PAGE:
Wednesday, February 13, 2013
Antique Connection owner Rhonda McFadden’s fondness for antiques was something that grew inside her slowly. Her husband had always enjoyed antique automobiles, and he would often try to take her into antique shops as well.
“At first I didn’t want to go looking in old dusty stores,” she said, but she eventually changed her mind around 2010. “We would spend the day looking and time would just pass by.”
About a year later they also started attending estate sales. McFadden would collect anything that caught her eye, from furniture to trays to glassware.
“Before I knew it I had a garage full. Then I had a storage unit. And then another,” she said. “My husband started asking me what my plans were.”
McFadden had recently finished getting her bachelor’s degree at UTC, a goal she’d had for some time, and her last child was leaving home for college. She had worked for a local corporation the previous nine years and did not want to go back, so when she told her husband she wanted to open an antique shop, he was supportive.
They started looking for a space and in March of last year ran across their current location, formerly an A-frame building that housed “The Bag” nearly a decade ago. They struck a deal with the owner in early April 2012 and renovated the building to change its facade.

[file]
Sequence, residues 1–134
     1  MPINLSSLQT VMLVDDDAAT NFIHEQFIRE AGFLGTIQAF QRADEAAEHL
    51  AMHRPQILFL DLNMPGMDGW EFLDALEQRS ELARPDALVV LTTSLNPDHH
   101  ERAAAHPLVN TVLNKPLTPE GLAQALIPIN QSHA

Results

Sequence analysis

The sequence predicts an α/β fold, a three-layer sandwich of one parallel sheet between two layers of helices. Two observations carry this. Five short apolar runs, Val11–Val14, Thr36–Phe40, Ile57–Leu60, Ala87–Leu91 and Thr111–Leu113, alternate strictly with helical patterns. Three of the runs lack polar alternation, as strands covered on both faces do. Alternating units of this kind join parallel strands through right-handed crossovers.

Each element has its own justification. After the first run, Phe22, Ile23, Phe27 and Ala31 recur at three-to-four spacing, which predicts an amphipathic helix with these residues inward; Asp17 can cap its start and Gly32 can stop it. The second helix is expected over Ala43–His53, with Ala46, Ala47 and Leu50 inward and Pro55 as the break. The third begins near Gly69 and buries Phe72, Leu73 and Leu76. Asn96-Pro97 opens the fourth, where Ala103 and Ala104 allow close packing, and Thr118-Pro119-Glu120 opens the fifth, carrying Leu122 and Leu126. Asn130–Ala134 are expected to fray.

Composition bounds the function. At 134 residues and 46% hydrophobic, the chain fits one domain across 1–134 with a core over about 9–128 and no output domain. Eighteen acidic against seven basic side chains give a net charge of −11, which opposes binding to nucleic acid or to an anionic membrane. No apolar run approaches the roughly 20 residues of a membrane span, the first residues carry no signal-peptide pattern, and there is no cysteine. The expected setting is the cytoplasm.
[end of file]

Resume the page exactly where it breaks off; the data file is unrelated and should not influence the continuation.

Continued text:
“Every night I would think out the floor plan in my head,” McFadden said in regards to the design that consists of rooms built from items she had found, arranged as if she were decorating a home.
This helps customers visualize the items in their home, but it also means she is moving items around often when pieces sell.
“We’ve done good with the slow economy,” she said, adding that the store will get around 10 customers on a rainy day and as many as 30 on sunny days.
While most of her inventory’s furniture came from estate sales at first, McFadden said people now come to her with relatives’ furniture, which helps keep her prices low.
“Antiques should be affordable to everyone, and I think I can offer that,” she said.
McFadden said her husband does a lot of the buying and negotiating, but when she looks for a piece she examines it for quality and authenticity as well as its potential to sell.
She often asks her customers what they are looking for and then helps them find it, such as a particular era of furniture.
“I’ve made several sales based on that,” she said.